In a 2014 audit of the DA’s office representing Washington and Nowata counties, the State Auditor’s Office found that $5,000 in forfeiture funds had been used to make payments on an assistant district attorney’s student loans.

The report said the district attorney maintained the expense was justified because most of the cases the assistant DA prosecuted were drug cases.

After the issue came to light, the Oklahoma District Attorneys Council reimbursed the $5,000 using funds from its own student-loan program,  the State Auditor’s report states.

An Oklahoma Watch examination of the audits from 2007 to 2014 also shows at least a dozen cases of forfeited cash, guns and vehicles missing or not inventoried.

In a 2014 audit of District 21, which is Mashburn’s district and includes Cleveland County, three firearms seized and forfeited were found to be missing. The auditor cited a lack of policies and procedures in place to safeguard and track seized items.

The audit said the district attorney’s office disagreed it lacked proper policies and procedures to safeguard seized property but conceded that the three firearms were missing and steps had been taken to report the guns as stolen to a federal database. Mashburn could not be reached for comment on the finding.

Under Loveless’ Senate Bill 838, a criminal case would have to be brought against the property or cash owner before forfeiture actions could be filed against the property or cash in civil court. Also, seizure funds would be deposited into the state’s general revenue fund. The proposed law would also raise the burden of proof required in forfeiture cases.

Loveless’ bill is based on a similar one voted into law in March in New Mexico.

“It will keep the practice in place, but it takes away the possibility of an innocent person getting their stuff taken and also takes away the possibility for financial abuse on the back end,” Loveless said.

A legislative interim study on the issue will likely occur in September, Loveless said.

Comanche County Sheriff Kenny Stradley, who also sits on the Bureau of Narcotics commission, said Loveless’ bill would cripple law enforcement agencies’ counter-drug efforts.

“I know for a fact we all try to work very hard to rid this devil’s candy (drugs) off of our state. And for someone to try and push us back – sheriff’s departments, police departments – that’s how we continue our fight, is to take that money and go forward,” Stradley said. “That will set us back many, many, many years.”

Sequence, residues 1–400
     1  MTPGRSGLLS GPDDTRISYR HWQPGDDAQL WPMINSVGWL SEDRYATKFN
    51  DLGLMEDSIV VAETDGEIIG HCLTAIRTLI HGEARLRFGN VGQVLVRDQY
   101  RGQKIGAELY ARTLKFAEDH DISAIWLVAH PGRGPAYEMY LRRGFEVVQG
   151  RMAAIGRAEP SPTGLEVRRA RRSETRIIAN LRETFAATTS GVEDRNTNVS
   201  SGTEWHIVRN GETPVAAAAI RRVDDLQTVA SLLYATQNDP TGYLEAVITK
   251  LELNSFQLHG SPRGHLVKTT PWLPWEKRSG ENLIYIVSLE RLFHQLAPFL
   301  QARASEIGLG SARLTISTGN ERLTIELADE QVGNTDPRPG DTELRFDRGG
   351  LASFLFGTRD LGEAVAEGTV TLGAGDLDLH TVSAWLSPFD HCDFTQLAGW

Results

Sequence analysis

FYI: Federal Seizures

The forfeitures at issue involve only state or local agencies with law enforcement powers.

The seizures are separate from those in which state and local authorities made seizures and had the assets “adopted” by federal agencies, which often shared most of those assets with the state and local agencies. According to the Washington Post, more than 55,000 seizures of assets valued at $3 billion were made under that “Equitable Sharing” program from 2008 to early this year. Many state and local agencies found that using the federal program to keep assets was easier than using their own state laws.

In January, the Obama administration barred local and state police from using federal “adoptions” to retain seized assets, with the exception of property related to public safety, such as weapons. State and local agencies can still keep forfeited cash and property under state law.


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  • Kay

    This will help restore individual rights. The ability of police to steal property has only served to corrupt police and encourage the taking of property with out legitimate cause.

  • Troy Fullerton

    The fifth amendment of the constitution clearly states “no person shall…be deprived of life, liberty, or property, without due process of law; nor shall private property be taken for public use, without just compensation.” People shouldn’t have to prove that their money or property are not being used in connection with crime—it should be the other way around. There IS a middle ground, here, that should satisfy both side of the debate: with probable cause (under immediate review by a judge) cash or property suspected of being used for criminal purposes could be held in abeyance until the criminal matter is resolved—but only upon actual conviction would the forfeiture become permanent. No conviction would mean the owner automatically gets his cash or property returned, with no further action.

    When it comes to law enforcement, we don’t need our justice system turned into that of some corrupt banana republic. In a civilized society, we do not play “the end justifies the means” games. It is unqualifiably WRONG to seize people’s cash or property when they haven’t been convicted of a crime, and prosecutors or police using it for personal benefit should, in itself, be treated as a crime.

    • Tami